The ability to predict chemical toxicity is important for many reasons. Designing processes and products that have minimal negative impact on health and environment is essential in the development of pharmaceuticals, foods and food additives, consumer products, cosmetics, and specialty chemicals. It is simply not possible to experimentally study every new or proposed chemical compound to determine its toxicity potential. Also, recent initiatives and regulations that limit the use of animal testing for certain types of products (e.g., cosmetics) have motivated the development of alternative ways to evaluate toxicity, especially in vitro experimental approaches (as replacements for in vivo assays) and in silico computational approaches.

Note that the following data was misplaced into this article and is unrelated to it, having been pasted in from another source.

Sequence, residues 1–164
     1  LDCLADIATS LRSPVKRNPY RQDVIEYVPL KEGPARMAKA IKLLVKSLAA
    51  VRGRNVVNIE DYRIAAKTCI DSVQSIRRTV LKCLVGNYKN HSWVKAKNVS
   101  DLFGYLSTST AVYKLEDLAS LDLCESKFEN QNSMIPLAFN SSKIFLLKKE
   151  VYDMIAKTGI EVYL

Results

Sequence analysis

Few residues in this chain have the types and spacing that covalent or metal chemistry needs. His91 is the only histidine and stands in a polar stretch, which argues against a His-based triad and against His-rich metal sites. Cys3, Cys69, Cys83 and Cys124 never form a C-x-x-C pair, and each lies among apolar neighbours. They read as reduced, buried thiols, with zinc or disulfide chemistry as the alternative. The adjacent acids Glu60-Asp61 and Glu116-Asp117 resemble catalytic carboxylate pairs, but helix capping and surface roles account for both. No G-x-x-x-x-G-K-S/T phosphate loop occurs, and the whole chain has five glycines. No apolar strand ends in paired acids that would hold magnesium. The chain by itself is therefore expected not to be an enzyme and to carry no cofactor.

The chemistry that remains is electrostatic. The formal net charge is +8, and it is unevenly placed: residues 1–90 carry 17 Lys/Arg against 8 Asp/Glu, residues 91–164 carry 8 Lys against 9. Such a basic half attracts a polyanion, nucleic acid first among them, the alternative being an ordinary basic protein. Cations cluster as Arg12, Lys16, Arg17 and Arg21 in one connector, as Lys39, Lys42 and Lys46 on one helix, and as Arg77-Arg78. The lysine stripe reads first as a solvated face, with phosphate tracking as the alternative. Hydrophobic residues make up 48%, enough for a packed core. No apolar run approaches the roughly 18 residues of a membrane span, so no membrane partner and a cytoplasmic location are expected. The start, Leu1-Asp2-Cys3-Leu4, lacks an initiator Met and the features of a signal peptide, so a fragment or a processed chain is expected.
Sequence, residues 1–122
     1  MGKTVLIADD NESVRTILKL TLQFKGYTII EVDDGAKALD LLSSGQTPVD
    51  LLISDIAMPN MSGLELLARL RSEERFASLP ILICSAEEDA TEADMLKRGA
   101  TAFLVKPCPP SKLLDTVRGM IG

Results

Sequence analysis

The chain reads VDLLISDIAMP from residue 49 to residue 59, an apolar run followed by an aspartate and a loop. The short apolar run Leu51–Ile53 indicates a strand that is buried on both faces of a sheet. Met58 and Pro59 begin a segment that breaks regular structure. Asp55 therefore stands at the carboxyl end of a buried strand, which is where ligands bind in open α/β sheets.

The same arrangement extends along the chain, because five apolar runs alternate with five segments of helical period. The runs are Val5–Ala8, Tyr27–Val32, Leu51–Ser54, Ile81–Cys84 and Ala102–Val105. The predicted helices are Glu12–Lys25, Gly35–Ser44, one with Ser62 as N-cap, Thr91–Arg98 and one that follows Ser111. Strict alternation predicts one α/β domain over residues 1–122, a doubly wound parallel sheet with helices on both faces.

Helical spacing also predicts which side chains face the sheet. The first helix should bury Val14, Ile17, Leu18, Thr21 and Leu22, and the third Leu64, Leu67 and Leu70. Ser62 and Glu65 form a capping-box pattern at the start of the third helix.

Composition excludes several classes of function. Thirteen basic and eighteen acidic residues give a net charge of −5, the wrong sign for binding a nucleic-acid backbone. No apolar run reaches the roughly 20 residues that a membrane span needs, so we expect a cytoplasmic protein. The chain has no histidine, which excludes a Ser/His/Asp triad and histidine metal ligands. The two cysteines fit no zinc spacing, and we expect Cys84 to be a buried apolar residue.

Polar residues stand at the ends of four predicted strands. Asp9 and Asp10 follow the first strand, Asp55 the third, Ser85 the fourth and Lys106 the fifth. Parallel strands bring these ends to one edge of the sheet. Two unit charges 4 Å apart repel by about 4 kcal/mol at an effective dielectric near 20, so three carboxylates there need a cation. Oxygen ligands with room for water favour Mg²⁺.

We are developing computational modeling methods to meet this need. We are attempting to model extremely complex phenomena; for example, will a new drug candidate react with DNA to cause mutations? Will a proposed new cosmetics ingredient possibly be a skin sensitizer, eliciting an allergic response in some people? To answer such questions we combine cheminformatics methods with advanced computational modeling techniques, generally referred to as “machine learning”, to build predictive models. Our models are trained, tested and validated using the extensive and diverse databases available that summarize chemical property and biological endpoint data for many thousands of molecules for which experimental data from some of these endpoints are available.
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